Branson, Missouri High 76 Low 66
This morning it was raining very hard. We finally decided to go see the Titanic Museum in town. Water was running into the streets and there was so much rain that there were waterfalls along the way into the Museum.
I thought the traffic might be a little lighter than it has been, but it was as bad as ever, in fact, the usher at the Museum told us that when it rains they are busier than ever.
|Lots of traffic.|
|You can see all the water on the road.|
When we got in line we were told that the wait might be as long as 45 minutes, which proved to be the case. We weren’t allowed to take any pictures inside the Museum. We have been to Titanic exhibitions in Salt Lake City which had artifact from the Titanic, but this was built on the premise to show what the passengers went through and their quarters. We were handed a boarding pass with the name of someone that was actually on the Titanic. At the end of the tour we looked up the fate of the person whose name was one our boarding pass. Both Cindy and my passes had the name of one of the crew and both of ours survived. We were told the tour would take about an hour and a half but we took two and a half.
|Lots of people in line to go in.|
The tour talked of the cemetery in Halifax, which I have been to. I don’t remember how many were buried there, but there were a lot. For instance, the movie has a lead character named Jack Dawson. He was based on a fictional character, but there is a J. Dawson buried in Halifax. As I remember, not much was known about him. I thought it was interesting to note that John Jacob Aster, probably the richest passenger on the Titanic, did not survive. His wife, however, was shown as one of the survivors.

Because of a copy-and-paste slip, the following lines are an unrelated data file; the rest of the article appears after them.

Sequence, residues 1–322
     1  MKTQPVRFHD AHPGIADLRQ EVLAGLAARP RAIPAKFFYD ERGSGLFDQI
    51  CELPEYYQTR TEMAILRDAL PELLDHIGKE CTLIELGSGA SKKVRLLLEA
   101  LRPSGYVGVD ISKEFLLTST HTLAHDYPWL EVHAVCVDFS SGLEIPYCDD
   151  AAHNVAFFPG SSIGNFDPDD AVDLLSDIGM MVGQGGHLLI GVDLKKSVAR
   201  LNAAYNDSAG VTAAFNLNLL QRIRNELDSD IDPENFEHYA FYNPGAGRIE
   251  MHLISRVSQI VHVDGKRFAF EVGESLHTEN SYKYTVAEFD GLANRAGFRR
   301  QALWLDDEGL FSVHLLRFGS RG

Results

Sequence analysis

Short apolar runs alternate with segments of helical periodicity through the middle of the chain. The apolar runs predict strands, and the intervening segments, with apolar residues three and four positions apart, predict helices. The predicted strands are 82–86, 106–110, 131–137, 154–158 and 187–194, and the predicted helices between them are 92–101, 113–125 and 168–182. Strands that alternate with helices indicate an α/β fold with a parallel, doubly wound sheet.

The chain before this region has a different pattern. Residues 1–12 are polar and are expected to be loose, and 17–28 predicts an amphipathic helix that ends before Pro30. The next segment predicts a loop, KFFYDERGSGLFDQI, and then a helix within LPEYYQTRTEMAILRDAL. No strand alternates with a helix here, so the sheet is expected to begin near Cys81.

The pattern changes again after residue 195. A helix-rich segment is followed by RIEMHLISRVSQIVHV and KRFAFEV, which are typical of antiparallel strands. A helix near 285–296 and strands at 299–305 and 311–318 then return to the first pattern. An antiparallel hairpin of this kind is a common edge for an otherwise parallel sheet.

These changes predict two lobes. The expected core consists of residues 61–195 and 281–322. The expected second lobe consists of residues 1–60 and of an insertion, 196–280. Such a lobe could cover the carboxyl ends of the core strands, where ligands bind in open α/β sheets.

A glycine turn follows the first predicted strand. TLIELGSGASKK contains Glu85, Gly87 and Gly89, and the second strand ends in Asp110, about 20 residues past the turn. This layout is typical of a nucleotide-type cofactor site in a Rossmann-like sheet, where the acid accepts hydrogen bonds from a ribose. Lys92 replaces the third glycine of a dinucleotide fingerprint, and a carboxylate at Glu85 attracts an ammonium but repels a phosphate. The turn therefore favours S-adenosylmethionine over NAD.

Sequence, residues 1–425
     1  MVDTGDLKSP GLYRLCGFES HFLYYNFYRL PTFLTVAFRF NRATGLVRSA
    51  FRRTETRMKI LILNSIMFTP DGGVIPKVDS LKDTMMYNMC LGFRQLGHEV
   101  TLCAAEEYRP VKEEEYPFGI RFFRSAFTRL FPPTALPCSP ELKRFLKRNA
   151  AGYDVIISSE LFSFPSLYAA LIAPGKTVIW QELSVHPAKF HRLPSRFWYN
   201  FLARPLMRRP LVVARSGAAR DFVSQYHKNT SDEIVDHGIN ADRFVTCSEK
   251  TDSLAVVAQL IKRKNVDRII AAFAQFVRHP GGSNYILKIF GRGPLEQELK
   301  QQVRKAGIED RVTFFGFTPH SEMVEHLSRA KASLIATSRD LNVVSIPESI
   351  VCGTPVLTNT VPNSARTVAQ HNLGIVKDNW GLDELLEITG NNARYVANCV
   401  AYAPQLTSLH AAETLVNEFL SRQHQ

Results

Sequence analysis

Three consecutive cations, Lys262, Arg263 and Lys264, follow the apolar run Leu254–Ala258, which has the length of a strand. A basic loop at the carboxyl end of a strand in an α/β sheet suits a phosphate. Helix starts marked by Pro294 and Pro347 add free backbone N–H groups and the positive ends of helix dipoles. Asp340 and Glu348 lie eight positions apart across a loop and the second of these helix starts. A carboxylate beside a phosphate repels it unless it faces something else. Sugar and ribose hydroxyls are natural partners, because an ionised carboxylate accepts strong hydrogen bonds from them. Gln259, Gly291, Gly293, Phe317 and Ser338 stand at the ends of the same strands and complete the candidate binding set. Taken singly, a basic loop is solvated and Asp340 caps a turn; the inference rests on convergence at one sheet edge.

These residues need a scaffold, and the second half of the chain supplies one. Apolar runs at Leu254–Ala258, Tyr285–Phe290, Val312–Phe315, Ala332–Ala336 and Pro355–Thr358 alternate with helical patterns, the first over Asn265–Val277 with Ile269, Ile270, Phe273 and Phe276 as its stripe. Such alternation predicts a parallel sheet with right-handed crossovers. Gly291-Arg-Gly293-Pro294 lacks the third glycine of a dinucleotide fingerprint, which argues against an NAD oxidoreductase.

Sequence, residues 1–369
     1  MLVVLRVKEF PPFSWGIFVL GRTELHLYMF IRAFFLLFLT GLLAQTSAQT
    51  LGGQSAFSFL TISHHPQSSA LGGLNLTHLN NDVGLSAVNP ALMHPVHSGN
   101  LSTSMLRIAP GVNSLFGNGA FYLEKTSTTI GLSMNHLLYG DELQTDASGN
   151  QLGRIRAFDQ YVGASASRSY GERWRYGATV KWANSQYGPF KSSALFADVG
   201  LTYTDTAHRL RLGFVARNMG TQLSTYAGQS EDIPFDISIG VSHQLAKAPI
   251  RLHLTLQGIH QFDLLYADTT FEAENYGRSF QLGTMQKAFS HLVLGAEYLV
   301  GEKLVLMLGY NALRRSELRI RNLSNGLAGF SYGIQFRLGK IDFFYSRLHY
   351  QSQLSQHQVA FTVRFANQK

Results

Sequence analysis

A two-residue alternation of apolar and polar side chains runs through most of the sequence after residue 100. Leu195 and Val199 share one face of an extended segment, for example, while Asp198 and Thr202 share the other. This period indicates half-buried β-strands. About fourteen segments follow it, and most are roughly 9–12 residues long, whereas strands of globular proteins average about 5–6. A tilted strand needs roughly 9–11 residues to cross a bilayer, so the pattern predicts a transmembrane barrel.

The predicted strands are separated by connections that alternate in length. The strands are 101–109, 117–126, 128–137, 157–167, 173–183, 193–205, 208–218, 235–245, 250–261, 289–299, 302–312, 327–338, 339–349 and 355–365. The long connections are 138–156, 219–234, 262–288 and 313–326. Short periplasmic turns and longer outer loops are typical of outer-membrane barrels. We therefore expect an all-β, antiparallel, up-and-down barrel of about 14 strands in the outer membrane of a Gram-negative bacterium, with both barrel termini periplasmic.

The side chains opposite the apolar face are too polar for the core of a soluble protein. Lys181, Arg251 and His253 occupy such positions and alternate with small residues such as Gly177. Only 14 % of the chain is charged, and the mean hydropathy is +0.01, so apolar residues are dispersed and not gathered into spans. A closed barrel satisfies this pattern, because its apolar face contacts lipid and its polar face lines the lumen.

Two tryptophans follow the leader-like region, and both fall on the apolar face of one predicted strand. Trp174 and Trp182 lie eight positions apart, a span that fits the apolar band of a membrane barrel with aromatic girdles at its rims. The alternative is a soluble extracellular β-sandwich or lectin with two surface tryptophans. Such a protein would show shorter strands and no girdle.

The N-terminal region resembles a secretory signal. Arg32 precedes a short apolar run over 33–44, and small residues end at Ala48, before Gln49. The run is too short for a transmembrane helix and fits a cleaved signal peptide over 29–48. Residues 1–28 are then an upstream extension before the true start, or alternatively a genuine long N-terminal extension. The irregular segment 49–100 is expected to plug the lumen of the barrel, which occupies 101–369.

The difference between First Class and Third Class accommodations was very striking. The third Class room was probably 8 feet square and had beds for 4 passengers. The First Class suite was very large and only housed 2 passengers.
There was a display that talked about Annie Funk, a Mennonite that gave up her seat on a life boat for a mother and her baby. She was listed as not surviving.
We were told that a lot of the lifeboats left with perhaps a third of their capacity. And there were nowhere enough life boats for the number of passengers. There were a lot more life vests than passengers, but the water was so cold, 28 degrees, that it only took a short time for hypothermia to take your life. There were a lot of people found floating on their life vests but dead from the cold water. After the Titanic laws were enacted to require ships to have enough life boats for the number of passengers. They had a bowl with water running through it to see how long you could hold your hand in it, and it didn’t take long to remove your hand.
If you are ever in Branson, I highly recommend the Titanic Museum.
Thanks for visiting.